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Post-operative critical care management of patients undergoing cytoreductive surgery and heated intraperitoneal chemotherapy (HIPEC)

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Cytoreductive surgery (CRS) and Heated Intraperitoneal Chemotherapy (HIPEC) results in a number of physiological changes with effects on the cardiovascular system, oxygen consumption and coagulation. The Critical Care interventions required by this cohort of patients have not yet been quantified. Methods This retrospective audit examines the experience of a Specialist Tertiary Centre in England over an 18 month period (January 2009-June 2010) during which 69 patients underwent CRS and HIPEC. All patients were extubated in the operating theatre and transferred to the Critical Care Unit (CCU) for initial post-operative management. Results Patients needed to remain on the CCU for 2.4 days (0.8-7.8). There were no 30 day mortalities. The majority of patients (70.1%) did not require post-operative organ support. 2 patients who developed pneumonia post-operatively required respiratory support. 18 (26.1%) patients required vasopressor support with norepinephrine with a mean duration of 13.94 hours (5-51 hours) and mean dose of 0.04 mcg/kg/min. Post-operative coagulopathy peaked at 24 hours. A significant drop in serum albumin was observed. Conclusion The degree of organ support required post-operatively is minimal. Early extubation is efficacious with the aid of epidural analgesia. Critical Care monitoring for 48 hours is desirable in view of the post-operative challenges.
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Cooksley and HajiMichaelWorld Journal of Surgical Oncology2011,9:169 http://www.wjso.com/content/9/1/169
WORLD JOURNAL OF SURGICAL ONCOLOGY
R E S E A R C HOpen Access Postoperative critical care management of patients undergoing cytoreductive surgery and heated intraperitoneal chemotherapy (HIPEC) * Timothy J Cooksleyand Philip HajiMichael
Abstract Background:Cytoreductive surgery (CRS) and Heated Intraperitoneal Chemotherapy (HIPEC) results in a number of physiological changes with effects on the cardiovascular system, oxygen consumption and coagulation. The Critical Care interventions required by this cohort of patients have not yet been quantified. Methods:This retrospective audit examines the experience of a Specialist Tertiary Centre in England over an 18 month period (January 2009June 2010) during which 69 patients underwent CRS and HIPEC. All patients were extubated in the operating theatre and transferred to the Critical Care Unit (CCU) for initial postoperative management. Results:Patients needed to remain on the CCU for 2.4 days (0.87.8). There were no 30 day mortalities. The majority of patients (70.1%) did not require postoperative organ support. 2 patients who developed pneumonia postoperatively required respiratory support. 18 (26.1%) patients required vasopressor support with norepinephrine with a mean duration of 13.94 hours (551 hours) and mean dose of 0.04 mcg/kg/min. Postoperative coagulopathy peaked at 24 hours. A significant drop in serum albumin was observed. Conclusion:The degree of organ support required postoperatively is minimal. Early extubation is efficacious with the aid of epidural analgesia. Critical Care monitoring for 48 hours is desirable in view of the postoperative challenges. Keywords:Critical Care, Pseudomyxoma peritonei, HIPEC, Cytoreductive surgery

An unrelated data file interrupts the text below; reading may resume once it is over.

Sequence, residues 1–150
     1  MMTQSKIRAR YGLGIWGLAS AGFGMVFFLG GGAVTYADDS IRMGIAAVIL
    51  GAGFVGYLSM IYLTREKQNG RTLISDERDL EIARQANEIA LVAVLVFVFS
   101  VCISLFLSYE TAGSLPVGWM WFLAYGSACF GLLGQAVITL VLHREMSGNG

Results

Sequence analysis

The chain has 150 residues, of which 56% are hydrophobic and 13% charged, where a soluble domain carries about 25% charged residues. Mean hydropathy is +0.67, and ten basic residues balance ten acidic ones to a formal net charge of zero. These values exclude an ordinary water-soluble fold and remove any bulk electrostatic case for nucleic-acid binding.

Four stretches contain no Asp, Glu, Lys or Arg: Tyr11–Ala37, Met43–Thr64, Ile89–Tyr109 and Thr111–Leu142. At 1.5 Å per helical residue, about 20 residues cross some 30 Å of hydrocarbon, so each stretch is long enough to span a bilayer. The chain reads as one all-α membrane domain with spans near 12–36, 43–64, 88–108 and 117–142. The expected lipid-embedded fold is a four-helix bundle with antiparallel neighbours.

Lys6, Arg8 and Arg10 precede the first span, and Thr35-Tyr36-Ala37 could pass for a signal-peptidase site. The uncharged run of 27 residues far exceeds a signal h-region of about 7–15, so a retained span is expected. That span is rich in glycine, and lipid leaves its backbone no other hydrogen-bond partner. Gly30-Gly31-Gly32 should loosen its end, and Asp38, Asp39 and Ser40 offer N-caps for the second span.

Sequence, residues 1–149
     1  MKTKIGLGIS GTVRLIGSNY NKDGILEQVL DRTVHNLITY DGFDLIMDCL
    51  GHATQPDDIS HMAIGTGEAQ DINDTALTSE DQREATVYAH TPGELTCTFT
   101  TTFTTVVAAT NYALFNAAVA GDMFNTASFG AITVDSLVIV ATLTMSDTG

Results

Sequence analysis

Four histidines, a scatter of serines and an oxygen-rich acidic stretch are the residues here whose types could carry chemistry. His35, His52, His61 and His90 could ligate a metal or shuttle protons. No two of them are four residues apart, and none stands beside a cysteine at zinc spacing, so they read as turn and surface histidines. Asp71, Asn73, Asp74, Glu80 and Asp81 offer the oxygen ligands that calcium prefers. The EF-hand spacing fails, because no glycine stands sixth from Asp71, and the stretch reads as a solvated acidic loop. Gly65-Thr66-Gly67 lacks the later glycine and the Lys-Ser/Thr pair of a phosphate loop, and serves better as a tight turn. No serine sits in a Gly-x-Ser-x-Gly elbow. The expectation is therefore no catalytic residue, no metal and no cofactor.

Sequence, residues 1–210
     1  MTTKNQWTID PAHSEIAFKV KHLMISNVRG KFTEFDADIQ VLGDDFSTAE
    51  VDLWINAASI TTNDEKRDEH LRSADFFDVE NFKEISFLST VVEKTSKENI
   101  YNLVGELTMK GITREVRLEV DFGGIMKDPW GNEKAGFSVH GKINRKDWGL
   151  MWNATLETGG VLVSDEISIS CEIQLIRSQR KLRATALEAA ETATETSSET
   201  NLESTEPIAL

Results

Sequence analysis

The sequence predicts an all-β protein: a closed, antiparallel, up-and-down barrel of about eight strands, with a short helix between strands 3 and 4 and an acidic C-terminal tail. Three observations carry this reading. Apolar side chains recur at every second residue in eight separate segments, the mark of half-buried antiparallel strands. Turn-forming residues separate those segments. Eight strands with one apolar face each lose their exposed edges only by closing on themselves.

Background Pseudomyxoma peritonei is a rare epithelial neoplasm, characterized by progressive accumulation of peritoneal mucinous tumour deposition, usually originating from the appendix. In Western populations there is an esti mated incidence of 12 per million a year [1]. Treatment of this condition with combined cytoreduc tive surgery (CRS) and hyperthermic intrapertioneal che motherapy (HIPEC) has been shown to improve both patient survival and quality of life [2,3]. In this technique, the chemotherapy agent is typically perfused within the abdominal cavity for 90 minutes at a temperature of 42°C achieving high peritoneal concentrations with limited systemic absorption [4].
* Correspondence: cooks199@hotmail.com Department of Critical Care, The Christie, Manchester, M20 4BX, England
CRS and HIPEC has been depicted in some papers as a high risk procedure with high levels of morbidity (2239%) [5], mortality (5%) [6] and prolonged hospital stays (up to an average of 29 days)[7]. The most common complica tions include anastomatic leaks, intraabdominal sepsis, pancreatitis, intestinal fistula, renal failure and haematolo gical toxicity. Furthermore, some Oncologists that it is the aggressive cytoreductive surgery alone that contributes to improved outcomes and that HIPEC may not have an impact on survival and simply adds unnecessary toxicity [5]. Factors that have been shown to significantly improve outcome include the peritoneal index (reflecting the dis ease burden) and the center in which the procedure is per formed (those with > 7 years experience performing better) [8]. This complex procedure results in a number of phy siological changes with effects on the cardiovascular
© 2011 Cooksley and HajiMichael; licensee BioMed Central Ltd. This is an Open Access article distributed under the terms of the Creative Commons Attribution License (http://creativecommons.org/licenses/by/2.0), which permits unrestricted use, distribution, and reproduction in any medium, provided the original work is properly cited.
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